Ah, reality. So malleable. I've seen a few documentaries and reality shows in my day, and I always enjoy watching how the filmmakers set about shaping "characters" and narratives from carefully chosen bits and pieces of footage, dialog and narration.
Take Susan Boyle, one of the hottest celebrities in the Western World since her appearance on BBC ITV's "Britain's Got Talent" last Saturday -- a performance that has now been seen by untold millions on YouTube. (One clip alone -- several are posted -- registers nearly 14 million views as I write this; a similar one of Paul Potts, the opera-singing mobile phone salesman from 2007, shows nearly 44 million views.)
If you haven't seen it yet, watch this version, which shows how Boyle's audition was set up for the television audience. (Is this show broadcast live, or edited later? How many cameras do they have in that auditorium? Watch how the reaction shots are inserted.) After making a joke about the one thing that's been missing from Glasgow is "talent," the hosts introduce the rather frumpy looking Boyle with comical music and a shot of her taking a big bite out of a sandwich. "Next up is a contestant who says she has what it takes to put Glasgow on the map," they say. The offscreen audience laughs. She's from West Lothian, 47 years old, unemployed but looking, never married ("Never been kissed," she says, "Shame -- but that's not an advert!").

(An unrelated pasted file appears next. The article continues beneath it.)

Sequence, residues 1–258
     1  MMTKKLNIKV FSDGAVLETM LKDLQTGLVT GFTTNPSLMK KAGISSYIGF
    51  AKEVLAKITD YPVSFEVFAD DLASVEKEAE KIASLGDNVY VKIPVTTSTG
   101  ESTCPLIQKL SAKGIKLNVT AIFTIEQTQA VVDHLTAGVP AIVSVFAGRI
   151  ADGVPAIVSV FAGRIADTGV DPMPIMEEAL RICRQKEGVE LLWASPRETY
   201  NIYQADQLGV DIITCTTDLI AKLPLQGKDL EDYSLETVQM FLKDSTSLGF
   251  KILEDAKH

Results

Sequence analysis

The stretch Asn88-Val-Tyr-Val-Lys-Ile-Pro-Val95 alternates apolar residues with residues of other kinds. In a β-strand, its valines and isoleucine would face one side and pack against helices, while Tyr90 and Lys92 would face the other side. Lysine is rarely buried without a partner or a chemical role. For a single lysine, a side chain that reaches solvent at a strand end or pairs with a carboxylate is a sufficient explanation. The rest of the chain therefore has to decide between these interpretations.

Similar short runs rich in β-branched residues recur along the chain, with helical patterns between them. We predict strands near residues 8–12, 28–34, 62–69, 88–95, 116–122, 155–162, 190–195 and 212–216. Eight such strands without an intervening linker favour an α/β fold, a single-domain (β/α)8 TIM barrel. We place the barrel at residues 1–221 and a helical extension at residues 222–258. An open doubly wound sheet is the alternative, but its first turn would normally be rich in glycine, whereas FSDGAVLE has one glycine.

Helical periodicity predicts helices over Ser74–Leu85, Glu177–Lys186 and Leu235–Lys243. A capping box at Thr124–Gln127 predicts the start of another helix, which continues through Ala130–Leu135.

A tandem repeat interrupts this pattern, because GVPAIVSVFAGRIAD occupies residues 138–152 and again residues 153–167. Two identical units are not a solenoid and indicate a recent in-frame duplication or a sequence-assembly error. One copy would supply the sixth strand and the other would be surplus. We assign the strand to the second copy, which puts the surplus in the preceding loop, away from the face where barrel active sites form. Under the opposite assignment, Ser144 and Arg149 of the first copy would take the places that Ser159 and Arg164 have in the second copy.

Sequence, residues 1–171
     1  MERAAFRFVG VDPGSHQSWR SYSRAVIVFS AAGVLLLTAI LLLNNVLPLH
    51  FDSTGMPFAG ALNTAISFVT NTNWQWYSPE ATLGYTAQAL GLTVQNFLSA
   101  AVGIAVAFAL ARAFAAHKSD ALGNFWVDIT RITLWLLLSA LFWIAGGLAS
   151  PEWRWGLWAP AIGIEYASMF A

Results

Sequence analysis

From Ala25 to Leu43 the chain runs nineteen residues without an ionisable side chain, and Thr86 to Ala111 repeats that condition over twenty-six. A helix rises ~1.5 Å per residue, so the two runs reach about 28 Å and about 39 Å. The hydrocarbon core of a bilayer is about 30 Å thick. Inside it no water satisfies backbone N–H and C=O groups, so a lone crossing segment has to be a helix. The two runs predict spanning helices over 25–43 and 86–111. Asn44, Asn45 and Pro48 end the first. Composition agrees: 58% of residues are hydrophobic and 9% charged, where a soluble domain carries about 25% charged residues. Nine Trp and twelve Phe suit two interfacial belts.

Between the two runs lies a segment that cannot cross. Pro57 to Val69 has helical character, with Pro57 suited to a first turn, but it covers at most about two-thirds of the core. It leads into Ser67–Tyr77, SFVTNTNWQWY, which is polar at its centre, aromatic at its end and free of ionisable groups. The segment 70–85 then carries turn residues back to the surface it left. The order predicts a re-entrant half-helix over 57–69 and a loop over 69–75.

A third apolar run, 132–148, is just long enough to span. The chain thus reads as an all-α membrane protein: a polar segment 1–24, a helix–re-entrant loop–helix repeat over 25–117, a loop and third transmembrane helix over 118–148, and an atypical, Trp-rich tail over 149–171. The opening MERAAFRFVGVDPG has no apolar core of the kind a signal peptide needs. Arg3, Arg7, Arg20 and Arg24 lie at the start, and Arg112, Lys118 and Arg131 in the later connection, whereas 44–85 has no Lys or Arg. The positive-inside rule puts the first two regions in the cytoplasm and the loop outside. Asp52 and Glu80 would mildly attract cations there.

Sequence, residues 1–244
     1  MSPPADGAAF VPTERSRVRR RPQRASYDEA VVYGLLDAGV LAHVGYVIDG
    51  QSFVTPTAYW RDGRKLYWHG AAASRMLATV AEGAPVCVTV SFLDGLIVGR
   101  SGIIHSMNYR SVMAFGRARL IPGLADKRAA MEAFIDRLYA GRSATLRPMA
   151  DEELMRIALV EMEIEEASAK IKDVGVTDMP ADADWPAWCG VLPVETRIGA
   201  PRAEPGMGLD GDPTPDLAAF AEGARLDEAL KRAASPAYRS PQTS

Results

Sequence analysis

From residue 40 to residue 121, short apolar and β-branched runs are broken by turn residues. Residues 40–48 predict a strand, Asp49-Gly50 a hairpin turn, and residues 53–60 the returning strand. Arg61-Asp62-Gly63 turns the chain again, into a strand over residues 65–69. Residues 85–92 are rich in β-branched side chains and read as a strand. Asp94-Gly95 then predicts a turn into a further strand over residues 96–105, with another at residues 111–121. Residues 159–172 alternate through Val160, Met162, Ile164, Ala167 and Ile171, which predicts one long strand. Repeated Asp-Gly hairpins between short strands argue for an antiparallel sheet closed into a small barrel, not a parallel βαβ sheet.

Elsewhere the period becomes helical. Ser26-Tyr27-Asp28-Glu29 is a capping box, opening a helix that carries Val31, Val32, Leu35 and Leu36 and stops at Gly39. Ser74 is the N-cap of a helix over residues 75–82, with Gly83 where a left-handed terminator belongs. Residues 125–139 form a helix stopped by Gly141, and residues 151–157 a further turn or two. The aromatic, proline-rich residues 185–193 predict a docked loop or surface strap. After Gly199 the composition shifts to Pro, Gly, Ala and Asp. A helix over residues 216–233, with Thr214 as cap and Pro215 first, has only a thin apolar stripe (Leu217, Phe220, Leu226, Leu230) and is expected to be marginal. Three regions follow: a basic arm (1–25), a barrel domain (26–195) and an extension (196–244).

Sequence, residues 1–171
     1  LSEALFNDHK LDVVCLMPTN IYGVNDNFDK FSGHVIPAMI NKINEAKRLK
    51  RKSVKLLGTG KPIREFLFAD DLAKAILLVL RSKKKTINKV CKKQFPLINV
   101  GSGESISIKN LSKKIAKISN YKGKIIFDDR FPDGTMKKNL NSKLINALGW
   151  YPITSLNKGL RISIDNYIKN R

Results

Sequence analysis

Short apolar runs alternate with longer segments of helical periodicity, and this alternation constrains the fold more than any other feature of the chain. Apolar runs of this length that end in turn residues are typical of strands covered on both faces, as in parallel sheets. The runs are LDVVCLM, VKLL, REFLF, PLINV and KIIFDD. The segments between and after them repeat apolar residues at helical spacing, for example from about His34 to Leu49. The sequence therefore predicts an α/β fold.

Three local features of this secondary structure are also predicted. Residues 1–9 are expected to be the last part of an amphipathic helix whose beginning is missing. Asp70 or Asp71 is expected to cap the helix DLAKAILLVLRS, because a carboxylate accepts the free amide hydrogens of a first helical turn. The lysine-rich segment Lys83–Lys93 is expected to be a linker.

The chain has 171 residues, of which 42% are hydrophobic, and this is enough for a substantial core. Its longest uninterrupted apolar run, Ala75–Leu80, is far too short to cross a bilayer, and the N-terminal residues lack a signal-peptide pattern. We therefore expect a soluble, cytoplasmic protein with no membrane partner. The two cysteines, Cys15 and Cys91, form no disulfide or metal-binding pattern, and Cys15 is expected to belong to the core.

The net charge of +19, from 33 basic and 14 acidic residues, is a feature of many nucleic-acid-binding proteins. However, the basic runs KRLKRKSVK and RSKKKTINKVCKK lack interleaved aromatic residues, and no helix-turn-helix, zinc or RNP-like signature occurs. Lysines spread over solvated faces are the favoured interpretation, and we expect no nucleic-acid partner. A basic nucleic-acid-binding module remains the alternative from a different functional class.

"You should learn to keep your opinions OUT of your reviews!" Every critic I know has received at least one letter like that from an indignant reader. Of course, it's an absurd proposition; critics are paid to express their opinions, and the good ones (who exercise what is known across all disciplines as "critical thinking") are also able to cite examples and employ sound reasoning to build an argument, showing you how and why they reached their verdict.